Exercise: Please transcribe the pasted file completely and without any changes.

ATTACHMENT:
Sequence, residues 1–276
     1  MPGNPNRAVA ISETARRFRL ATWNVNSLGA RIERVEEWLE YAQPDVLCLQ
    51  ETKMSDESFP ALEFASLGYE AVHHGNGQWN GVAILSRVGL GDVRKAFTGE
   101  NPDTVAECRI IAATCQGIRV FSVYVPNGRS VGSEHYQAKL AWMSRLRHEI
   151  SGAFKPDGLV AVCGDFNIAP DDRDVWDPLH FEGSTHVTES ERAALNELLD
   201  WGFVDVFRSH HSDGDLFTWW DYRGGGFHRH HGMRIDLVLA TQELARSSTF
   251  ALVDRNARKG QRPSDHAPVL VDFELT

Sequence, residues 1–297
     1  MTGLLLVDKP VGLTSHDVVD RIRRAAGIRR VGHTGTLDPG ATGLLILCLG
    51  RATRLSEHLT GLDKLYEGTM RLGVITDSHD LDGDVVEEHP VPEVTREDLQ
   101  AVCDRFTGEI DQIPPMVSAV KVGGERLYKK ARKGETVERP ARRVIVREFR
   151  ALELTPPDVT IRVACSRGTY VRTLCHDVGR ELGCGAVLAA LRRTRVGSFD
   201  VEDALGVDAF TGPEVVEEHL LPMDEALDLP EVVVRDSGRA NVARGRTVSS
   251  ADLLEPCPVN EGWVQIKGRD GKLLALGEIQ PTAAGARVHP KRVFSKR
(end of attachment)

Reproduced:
Sequence, residues 1–276
     1  MPGNPNRAVA ISETARRFRL ATWNVNSLGA RIERVEEWLE YAQPDVLCLQ
    51  ETKMSDESFP ALEFASLGYE AVHHGNGQWN GVAILSRVGL GDVRKAFTGE
   101  NPDTVAECRI IAATCQGIRV FSVYVPNGRS VGSEHYQAKL AWMSRLRHEI
   151  SGAFKPDGLV AVCGDFNIAP DDRDVWDPLH FEGSTHVTES ERAALNELLD
   201  WGFVDVFRSH HSDGDLFTWW DYRGGGFHRH HGMRIDLVLA TQELARSSTF
   251  ALVDRNARKG QRPSDHAPVL VDFELT

Sequence, residues 1–297
     1  MTGLLLVDKP VGLTSHDVVD RIRRAAGIRR VGHTGTLDPG ATGLLILCLG
    51  RATRLSEHLT GLDKLYEGTM RLGVITDSHD LDGDVVEEHP VPEVTREDLQ
   101  AVCDRFTGEI DQIPPMVSAV KVGGERLYKK ARKGETVERP ARRVIVREFR
   151  ALELTPPDVT IRVACSRGTY VRTLCHDVGR ELGCGAVLAA LRRTRVGSFD
   201  VEDALGVDAF TGPEVVEEHL LPMDEALDLP EVVVRDSGRA NVARGRTVSS
   251  ADLLEPCPVN EGWVQIKGRD GKLLALGEIQ PTAAGARVHP KRVFSKR